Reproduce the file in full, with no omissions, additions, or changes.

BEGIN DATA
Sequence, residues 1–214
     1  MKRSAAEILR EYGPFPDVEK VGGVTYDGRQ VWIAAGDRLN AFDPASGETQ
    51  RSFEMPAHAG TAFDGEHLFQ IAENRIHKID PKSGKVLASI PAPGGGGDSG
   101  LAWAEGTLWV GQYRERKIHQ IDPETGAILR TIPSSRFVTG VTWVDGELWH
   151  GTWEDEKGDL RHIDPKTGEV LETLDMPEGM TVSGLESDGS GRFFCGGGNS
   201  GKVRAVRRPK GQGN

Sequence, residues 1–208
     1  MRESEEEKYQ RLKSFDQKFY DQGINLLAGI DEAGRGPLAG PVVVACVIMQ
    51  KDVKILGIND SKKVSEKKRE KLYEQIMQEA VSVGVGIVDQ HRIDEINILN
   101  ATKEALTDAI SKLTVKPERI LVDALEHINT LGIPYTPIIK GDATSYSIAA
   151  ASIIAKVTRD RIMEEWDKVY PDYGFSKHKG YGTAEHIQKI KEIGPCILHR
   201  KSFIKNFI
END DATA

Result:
Sequence, residues 1–214
     1  MKRSAAEILR EYGPFPDVEK VGGVTYDGRQ VWIAAGDRLN AFDPASGETQ
    51  RSFEMPAHAG TAFDGEHLFQ IAENRIHKID PKSGKVLASI PAPGGGGDSG
   101  LAWAEGTLWV GQYRERKIHQ IDPETGAILR TIPSSRFVTG VTWVDGELWH
   151  GTWEDEKGDL RHIDPKTGEV LETLDMPEGM TVSGLESDGS GRFFCGGGNS
   201  GKVRAVRRPK GQGN

Sequence, residues 1–208
     1  MRESEEEKYQ RLKSFDQKFY DQGINLLAGI DEAGRGPLAG PVVVACVIMQ
    51  KDVKILGIND SKKVSEKKRE KLYEQIMQEA VSVGVGIVDQ HRIDEINILN
   101  ATKEALTDAI SKLTVKPERI LVDALEHINT LGIPYTPIIK GDATSYSIAA
   151  ASIIAKVTRD RIMEEWDKVY PDYGFSKHKG YGTAEHIQKI KEIGPCILHR
   201  KSFIKNFI